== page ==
The Big Both Ways

Customer Reviews

22 Ratings

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By Debbie on 01-28-16

1935, Seattle, Unions . . . and Alaska

Slip, a logger, having witnessed the horrific death of a fellow logger, just wants to go somewhere peaceful . . . and be a farmer . . . so he quits his logging job and heads for Seattle . . . meeting Ellie Hobbes with her car in a ditch . . . a man is dead (in her trunk), another gets killed, and a chance encounter continues into days and weeks, little by little Slip gets deeper and deeper into a situation he may never get out of . . . the story is full of colorful and cunning characters, idealists, unions and their bosses, and the lawmen caught in the middle . . . Ellie's dreams of flying airplanes, and Ellie's optimistic young niece, Annabelle with her bird, Buddy, bring contrast to a story fraught with tension . . . A lot of time is spent in the telling of the trip north to Alaska, with some amazing accounts of whales and wildlife . . . John Straley is a talented writer . . . and much is told of the seedier side of life that no doubt existed . . . the conclusion is quite satisfying . . . I would have enjoyed a more in depth story of this period of time, as it was most interesting to me.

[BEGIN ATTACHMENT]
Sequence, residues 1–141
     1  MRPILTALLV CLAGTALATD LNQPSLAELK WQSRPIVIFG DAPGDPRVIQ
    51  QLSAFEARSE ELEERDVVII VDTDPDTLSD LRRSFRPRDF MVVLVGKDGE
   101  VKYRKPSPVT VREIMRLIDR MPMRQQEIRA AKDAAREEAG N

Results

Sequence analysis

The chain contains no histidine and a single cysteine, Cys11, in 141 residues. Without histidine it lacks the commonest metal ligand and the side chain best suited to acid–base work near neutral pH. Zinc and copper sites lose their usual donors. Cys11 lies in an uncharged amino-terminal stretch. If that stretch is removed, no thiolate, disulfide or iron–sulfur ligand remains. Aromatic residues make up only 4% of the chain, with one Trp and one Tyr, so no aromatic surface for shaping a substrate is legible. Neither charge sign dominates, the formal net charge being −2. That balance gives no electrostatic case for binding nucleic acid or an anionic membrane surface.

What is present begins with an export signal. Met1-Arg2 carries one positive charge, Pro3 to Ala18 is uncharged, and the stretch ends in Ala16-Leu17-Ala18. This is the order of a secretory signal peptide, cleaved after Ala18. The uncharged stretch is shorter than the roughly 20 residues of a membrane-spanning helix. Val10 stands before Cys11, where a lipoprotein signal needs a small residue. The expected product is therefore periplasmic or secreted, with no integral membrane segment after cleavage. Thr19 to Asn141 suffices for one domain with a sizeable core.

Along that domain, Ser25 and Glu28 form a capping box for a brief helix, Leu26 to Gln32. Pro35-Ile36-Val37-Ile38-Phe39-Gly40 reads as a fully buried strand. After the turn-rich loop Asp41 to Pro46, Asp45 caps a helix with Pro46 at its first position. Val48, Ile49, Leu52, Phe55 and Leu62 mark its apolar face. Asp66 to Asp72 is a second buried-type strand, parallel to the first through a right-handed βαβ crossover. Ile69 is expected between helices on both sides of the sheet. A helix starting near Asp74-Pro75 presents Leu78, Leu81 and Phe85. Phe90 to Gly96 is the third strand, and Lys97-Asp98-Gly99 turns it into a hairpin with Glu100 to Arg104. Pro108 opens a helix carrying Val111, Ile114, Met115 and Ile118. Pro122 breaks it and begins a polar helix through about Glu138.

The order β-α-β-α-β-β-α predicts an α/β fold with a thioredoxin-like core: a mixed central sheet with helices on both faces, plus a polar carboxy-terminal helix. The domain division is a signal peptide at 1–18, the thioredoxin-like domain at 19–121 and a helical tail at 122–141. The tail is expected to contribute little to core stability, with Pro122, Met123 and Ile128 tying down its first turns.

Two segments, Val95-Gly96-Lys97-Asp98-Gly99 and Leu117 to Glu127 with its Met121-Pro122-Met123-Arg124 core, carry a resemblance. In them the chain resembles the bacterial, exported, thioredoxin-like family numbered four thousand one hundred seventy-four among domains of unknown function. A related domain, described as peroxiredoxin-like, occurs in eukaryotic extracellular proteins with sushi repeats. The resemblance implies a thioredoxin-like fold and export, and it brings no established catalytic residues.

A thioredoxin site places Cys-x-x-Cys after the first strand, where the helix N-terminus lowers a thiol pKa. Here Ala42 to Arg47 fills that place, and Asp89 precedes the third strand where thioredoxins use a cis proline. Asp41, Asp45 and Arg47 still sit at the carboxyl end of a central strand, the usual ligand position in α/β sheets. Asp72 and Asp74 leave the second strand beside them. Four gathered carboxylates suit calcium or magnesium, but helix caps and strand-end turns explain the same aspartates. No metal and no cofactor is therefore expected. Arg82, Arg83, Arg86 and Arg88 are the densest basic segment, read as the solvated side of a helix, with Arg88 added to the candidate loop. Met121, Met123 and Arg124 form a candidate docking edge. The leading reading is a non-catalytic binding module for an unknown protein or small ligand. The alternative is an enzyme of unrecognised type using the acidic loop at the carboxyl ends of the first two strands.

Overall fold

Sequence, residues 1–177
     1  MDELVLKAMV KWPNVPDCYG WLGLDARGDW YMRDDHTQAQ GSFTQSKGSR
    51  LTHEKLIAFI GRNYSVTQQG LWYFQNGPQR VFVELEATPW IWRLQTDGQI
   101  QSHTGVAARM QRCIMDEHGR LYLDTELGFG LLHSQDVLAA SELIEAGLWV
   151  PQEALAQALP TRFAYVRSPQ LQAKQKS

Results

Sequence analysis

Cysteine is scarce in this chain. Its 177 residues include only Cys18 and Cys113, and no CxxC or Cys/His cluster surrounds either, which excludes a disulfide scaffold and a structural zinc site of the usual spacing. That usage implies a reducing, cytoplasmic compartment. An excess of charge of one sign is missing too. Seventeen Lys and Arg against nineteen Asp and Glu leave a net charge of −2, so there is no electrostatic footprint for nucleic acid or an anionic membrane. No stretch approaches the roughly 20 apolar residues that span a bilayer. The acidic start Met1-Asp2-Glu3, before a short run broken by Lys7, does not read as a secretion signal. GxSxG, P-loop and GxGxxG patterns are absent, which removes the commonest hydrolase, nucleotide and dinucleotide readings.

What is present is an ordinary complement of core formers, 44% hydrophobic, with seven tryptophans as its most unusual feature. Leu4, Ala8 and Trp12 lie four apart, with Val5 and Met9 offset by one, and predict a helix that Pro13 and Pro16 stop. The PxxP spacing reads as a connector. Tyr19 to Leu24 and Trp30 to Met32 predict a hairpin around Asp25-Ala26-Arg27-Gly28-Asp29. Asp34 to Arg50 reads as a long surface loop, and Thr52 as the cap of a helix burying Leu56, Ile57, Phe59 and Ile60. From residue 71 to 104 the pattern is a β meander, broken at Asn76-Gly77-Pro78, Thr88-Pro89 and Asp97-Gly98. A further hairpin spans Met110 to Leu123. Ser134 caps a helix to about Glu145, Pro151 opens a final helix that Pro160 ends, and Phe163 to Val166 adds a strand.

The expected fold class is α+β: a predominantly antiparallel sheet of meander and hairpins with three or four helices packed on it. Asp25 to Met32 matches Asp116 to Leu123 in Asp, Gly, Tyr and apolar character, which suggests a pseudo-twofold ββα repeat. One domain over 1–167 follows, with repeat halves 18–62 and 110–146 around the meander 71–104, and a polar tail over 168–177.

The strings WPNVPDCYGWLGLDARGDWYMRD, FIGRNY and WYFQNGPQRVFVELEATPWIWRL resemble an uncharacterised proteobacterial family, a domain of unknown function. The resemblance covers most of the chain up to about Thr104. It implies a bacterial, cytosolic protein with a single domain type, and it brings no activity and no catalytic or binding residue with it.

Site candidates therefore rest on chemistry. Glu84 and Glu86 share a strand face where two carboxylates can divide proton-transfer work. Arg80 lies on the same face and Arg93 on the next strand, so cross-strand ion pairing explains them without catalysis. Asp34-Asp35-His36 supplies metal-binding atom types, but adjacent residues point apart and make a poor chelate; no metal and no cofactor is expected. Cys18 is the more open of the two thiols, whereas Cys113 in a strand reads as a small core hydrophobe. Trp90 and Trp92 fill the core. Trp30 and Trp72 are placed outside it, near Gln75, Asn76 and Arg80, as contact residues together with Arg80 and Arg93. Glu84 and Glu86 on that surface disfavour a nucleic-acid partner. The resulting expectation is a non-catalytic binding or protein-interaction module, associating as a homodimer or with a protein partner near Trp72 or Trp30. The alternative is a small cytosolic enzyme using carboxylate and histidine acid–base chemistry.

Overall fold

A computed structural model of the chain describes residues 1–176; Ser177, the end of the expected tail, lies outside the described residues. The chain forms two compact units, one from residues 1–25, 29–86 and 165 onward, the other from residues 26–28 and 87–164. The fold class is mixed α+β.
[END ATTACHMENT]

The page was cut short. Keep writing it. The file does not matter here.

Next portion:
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By Geoffrey Fageol on 06-06-15

Excellent writing! Very good storyline!

Very good descriptive writing. You can visualize in your mind what the author is describing. we also read Cold Storage by the same author.

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